BSOD is a response of the kernel to a non-recoverable exceptional situation. If you see it, something really unpleasant has happened.
Kernel environment sets numerous restrictions to a programmer\’s freedom of actions: consider IRQL, synchronize access to shared variables, don’t spend much time in an ISR, and verify any data from the \”userland\”… If any of the rules is broken, you\’ll get a real reproof filled with template phrases in a standard VGA mode with lousy coloring.
In fact, there is a point in all this. If in case of a non-handled exception or logic corruption in the user mode, an application just shuts down, not even bothering to cover up its tracks (the kernel will politely do the job for it), it won\’t lose its user mode mates, won\’t screw up their integrity, let alone the integrity of the whole system. Well, yes, it CAN affect a couple of applications it is bound to via interprocess communication, but no more than that.
In the kernel mode, everything is different. First of all, it\’s not an apartment that kernel mode mates share, but a room. They are not separated by solid walls that would guard residents against tanked tricks of their roomies. Moreover, bounds between kernel mode modules are thin and fragile. The kernel and its components are like a giant clock with infinite number of components. And that\’s the whole point: if one screw is damaged, the whole system stops. Sure, there are modules which, if failed, don\’t affect the operating system. As an option, the faulty module might be isolated – the way it is done in certain operating systems, if you know what I mean. However, according to the logic, the kernel component actively interacts with other components and the OS kernel, thus, a failure in one component can lead to a chain of failures in the others and finally destroy all kernel structures or, even worse, corrupt the user data. Moreover, such concealed bugs are very difficult to fix.
Still, suppose you are a lamer. What will be your probable reaction to the blue screen?
Now suppose you are an administrator. How would you react to BSOD? Before you start doing stuff like reading the error code?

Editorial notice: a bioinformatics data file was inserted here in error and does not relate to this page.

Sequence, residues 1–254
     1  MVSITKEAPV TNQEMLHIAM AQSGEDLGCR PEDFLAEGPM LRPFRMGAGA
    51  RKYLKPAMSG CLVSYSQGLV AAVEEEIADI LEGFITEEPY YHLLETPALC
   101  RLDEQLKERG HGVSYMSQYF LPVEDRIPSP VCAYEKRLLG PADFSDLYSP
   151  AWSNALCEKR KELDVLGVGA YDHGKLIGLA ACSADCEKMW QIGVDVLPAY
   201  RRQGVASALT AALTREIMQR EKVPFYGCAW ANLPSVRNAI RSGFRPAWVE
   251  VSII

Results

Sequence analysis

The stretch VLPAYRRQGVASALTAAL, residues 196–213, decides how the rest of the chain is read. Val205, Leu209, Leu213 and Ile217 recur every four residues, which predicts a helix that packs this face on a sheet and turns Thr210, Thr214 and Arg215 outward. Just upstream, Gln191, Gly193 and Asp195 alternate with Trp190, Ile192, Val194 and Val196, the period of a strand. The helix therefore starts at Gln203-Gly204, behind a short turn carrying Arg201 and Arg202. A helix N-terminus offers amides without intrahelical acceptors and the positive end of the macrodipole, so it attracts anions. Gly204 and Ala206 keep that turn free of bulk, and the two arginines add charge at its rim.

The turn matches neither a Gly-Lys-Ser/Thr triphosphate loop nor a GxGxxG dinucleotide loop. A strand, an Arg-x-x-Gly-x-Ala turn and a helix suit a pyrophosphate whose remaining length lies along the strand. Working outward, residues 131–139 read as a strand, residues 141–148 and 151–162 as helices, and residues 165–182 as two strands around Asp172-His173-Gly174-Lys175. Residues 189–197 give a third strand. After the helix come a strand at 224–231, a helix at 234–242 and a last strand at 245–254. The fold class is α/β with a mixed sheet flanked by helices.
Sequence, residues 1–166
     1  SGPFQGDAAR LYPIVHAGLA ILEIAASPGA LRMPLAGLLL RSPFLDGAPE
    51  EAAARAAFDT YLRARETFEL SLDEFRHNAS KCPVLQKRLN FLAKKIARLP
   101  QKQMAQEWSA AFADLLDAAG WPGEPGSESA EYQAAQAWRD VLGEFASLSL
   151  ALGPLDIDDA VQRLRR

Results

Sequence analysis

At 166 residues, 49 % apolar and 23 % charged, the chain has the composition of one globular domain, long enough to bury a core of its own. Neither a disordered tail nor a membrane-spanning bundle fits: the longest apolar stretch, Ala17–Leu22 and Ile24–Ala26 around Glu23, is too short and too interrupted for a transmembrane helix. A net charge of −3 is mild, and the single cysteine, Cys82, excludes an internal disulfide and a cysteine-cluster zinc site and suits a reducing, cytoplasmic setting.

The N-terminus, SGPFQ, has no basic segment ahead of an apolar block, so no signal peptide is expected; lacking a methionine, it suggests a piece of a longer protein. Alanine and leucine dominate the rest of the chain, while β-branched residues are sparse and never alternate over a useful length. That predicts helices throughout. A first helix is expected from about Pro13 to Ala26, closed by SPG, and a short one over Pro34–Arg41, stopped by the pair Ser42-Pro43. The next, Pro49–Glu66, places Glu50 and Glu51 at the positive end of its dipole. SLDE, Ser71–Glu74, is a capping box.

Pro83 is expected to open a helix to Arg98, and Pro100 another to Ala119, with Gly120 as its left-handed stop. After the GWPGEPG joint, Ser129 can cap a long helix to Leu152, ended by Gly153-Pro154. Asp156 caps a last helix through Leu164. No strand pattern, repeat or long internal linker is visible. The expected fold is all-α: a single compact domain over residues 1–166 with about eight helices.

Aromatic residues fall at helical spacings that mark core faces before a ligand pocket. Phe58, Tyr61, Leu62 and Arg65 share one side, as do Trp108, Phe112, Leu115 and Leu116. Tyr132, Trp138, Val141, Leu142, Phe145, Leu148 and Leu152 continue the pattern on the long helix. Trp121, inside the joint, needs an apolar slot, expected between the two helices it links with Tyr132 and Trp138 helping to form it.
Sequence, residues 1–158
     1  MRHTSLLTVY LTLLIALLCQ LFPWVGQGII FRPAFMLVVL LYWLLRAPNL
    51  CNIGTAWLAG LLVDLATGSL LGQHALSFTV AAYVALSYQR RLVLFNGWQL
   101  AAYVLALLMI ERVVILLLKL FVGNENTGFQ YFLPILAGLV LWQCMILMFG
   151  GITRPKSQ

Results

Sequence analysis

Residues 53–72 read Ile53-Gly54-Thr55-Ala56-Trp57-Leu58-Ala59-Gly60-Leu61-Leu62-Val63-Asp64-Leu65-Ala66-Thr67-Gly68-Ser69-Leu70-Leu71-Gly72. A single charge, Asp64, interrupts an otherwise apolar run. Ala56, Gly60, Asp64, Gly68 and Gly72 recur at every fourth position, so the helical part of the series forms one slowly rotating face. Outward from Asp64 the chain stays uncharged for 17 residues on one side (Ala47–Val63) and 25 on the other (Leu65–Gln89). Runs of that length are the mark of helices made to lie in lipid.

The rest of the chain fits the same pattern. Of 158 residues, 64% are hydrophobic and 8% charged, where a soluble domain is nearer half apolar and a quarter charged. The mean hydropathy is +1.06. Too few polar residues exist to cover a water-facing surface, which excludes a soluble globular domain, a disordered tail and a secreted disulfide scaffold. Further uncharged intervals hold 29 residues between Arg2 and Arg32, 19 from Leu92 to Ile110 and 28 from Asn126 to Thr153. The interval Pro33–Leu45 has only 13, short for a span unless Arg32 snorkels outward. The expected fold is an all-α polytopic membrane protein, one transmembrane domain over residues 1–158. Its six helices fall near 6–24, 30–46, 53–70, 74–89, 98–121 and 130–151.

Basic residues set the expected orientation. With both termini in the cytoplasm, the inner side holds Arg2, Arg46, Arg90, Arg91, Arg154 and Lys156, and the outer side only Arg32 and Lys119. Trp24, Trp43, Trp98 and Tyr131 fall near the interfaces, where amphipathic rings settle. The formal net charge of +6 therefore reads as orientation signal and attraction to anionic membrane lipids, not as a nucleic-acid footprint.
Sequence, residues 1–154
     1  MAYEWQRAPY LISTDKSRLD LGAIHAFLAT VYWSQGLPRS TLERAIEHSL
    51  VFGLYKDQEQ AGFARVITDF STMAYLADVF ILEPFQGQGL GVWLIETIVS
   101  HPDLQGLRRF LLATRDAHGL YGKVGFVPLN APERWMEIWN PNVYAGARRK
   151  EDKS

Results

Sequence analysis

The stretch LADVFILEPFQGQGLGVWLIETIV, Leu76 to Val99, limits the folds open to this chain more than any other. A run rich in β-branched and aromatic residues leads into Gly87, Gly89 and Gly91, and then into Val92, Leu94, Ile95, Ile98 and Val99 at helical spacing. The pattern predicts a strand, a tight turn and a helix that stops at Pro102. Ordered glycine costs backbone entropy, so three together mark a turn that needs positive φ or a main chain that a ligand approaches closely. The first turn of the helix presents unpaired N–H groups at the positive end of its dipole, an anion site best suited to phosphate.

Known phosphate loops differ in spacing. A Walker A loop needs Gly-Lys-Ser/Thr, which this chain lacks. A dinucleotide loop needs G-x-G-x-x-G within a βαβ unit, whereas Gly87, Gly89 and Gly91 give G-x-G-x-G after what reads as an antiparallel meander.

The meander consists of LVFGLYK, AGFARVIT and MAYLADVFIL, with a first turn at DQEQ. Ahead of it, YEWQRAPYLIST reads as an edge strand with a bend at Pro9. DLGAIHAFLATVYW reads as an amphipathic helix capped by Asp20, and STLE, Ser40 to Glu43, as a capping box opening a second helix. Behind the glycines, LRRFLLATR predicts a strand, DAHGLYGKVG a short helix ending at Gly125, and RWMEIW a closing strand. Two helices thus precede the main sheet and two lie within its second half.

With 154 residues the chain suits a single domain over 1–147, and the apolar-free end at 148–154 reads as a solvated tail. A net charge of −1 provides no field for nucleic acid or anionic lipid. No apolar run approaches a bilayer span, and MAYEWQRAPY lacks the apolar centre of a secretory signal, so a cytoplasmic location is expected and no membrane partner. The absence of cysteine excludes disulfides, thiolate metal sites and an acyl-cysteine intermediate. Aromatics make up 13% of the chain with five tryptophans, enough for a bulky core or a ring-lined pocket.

And if you are a kernel developer and you\’ve seen this sophisticated debug echo thousands of times? What comes to your mind when you see it again? Besides interjections?
In any case, we have an invincible obstacle for the system to continue its work on the one hand, and priceless unrecoverable neurons, on the other. What should we do? Hooking KeBugCheck is not an option: we are all quite aware of the consequences. And the new Windows 8 with its sweet DirectX BSOD is still to be expected. Meanwhile…
Like Russinovich Did
I believe, everyone knows the name. Russivich is a fox, but he is a cool fox. Within the heaps of Sysinternals utilities, there is quite a curios one – NotMyFault. It can artificially generate various errors in the kernel, which, of course, will be displayed on the BSOD. Besides, it provides an interesting feature – a possibility to change the color and the font size of the death screen. This utility is so great that they even provide it with the source code! But, as I already mentioned, Russinovich is cool…
It took me a while to figure out what was going on: The ioctlcmd.h header file contains the following code:
#define IOCTL_BSOD_COLOR (ULONG) CTL_CODE(FILE_DEVICE_MYFAULT, 0x10, METHOD_BUFFERED, FILE_ANY_ACCESS)
But this is the only place that has a trace of the code responsible for changing the color of the death screen . Myfault.c contains a book of recipes for all sorts of kernel perversions but the main dish! But! Apparently, the compiled driver does contain the necessary code, since it runs perfectly well. \”Okay\”, I thought.
Let\’s change our focus for a moment. Before you decide to splice anything in the kernel, take the trouble to visit MSDN because the kernel contains plenty of callback functions in it . This is true for the blue screen, as well: There is a callback function which is called right after the blue screen appears. It\’s registered by the following function: